However a closer examination of the process leads us to see that the cells of our eyes are responding to photons of a certain frequency. But this only happens if a sufficient number of the proper photons turn up. Assuming they do, this results in a signal that is sent to our brains. This in turn is processed and lights up other brain cells in a way that causes us to say, “Red! ”

“You see! ” I imagine physicalism crowing triumphantly. “Everything is measurements! ”

Incidentally, this particular faith tends to be accompanied by a feeling that a measurement made by some sort of instrument—a gadget—is more real than an impression that registers in a human mind. (“I don’t care if you do think the milk smells funny. We’ve run the lab tests and it meets all the FDA standards. Drink it! ”)

5. Another basic assumption of physicalism (or perhaps it should be regarded as a deduction from the previous assumptions) is that the underlying structure of reality does not depend on us. Planck’s constant is the same for Daleks as for humans. More broadly, the assumption is that the laws of the universe do not depend on intention, desire, or consciousness. They are independent of anything that looks like mind or spirit. They just are.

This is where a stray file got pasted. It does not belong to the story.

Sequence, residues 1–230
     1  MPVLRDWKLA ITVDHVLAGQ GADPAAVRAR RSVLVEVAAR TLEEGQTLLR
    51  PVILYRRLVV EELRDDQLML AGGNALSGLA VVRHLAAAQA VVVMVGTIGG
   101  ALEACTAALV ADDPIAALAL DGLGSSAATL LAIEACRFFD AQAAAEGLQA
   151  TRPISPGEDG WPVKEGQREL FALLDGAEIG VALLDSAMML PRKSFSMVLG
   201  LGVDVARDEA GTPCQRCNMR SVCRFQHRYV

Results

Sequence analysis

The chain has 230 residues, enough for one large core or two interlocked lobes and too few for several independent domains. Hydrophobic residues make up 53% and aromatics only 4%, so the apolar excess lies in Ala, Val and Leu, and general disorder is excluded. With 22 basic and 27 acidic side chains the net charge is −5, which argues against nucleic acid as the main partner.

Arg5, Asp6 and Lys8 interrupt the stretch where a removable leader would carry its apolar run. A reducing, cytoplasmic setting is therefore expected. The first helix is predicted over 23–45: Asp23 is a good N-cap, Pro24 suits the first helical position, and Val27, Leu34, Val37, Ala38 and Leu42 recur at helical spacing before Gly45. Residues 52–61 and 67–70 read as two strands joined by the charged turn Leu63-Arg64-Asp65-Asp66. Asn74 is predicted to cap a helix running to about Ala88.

A classic anecdote illustrates this idea: One of the most famous works of the French mathematician Laplace was Mécanique céleste, a volume meant to illuminate the workings of the solar system. When Napoleon took the mathematician to task for failing to mention God, Laplace replied, “Sire, I had no need of that hypothesis.”

Another noteworthy expression of this sentiment is the short story The Cold Equations by Tom Godwin. The point it makes is very clear: The universe does not care.

6. It seems a natural consequence of all the above that there is no room for God in the universe nor for gods or half-gods or spirits. Atheism is a comfortable fit with physicalism.

7. But the next thing physicalism may lead us to discard is consciousness.

If we look at the electrons and protons and oscillating probability amplitudes that presumably make up reality, it is hard to spot anything that looks like consciousness. To be sure, we can claim that consciousness is just something like a standing wave or algorithm generated by these more elementary entities hooked up to form a brain. And if we believe in physicalism, then at some point we may even be able to write down equations describing consciousness!

But if we compare the sensation we have of our individual consciousness with a list of equations, we may well have a bewildered feeling that we see no connection between the two. To say that the equations describe the bright point of awareness which is our consciousness begins to look uncomfortably like an act of faith. Indeed there are philosophers and scientists who use the words “consciousness” and “illusion” in the same sentence a great deal of the time.

The unpleasant possibility arises that not only does physicalism have no room for God, it has none for Man either.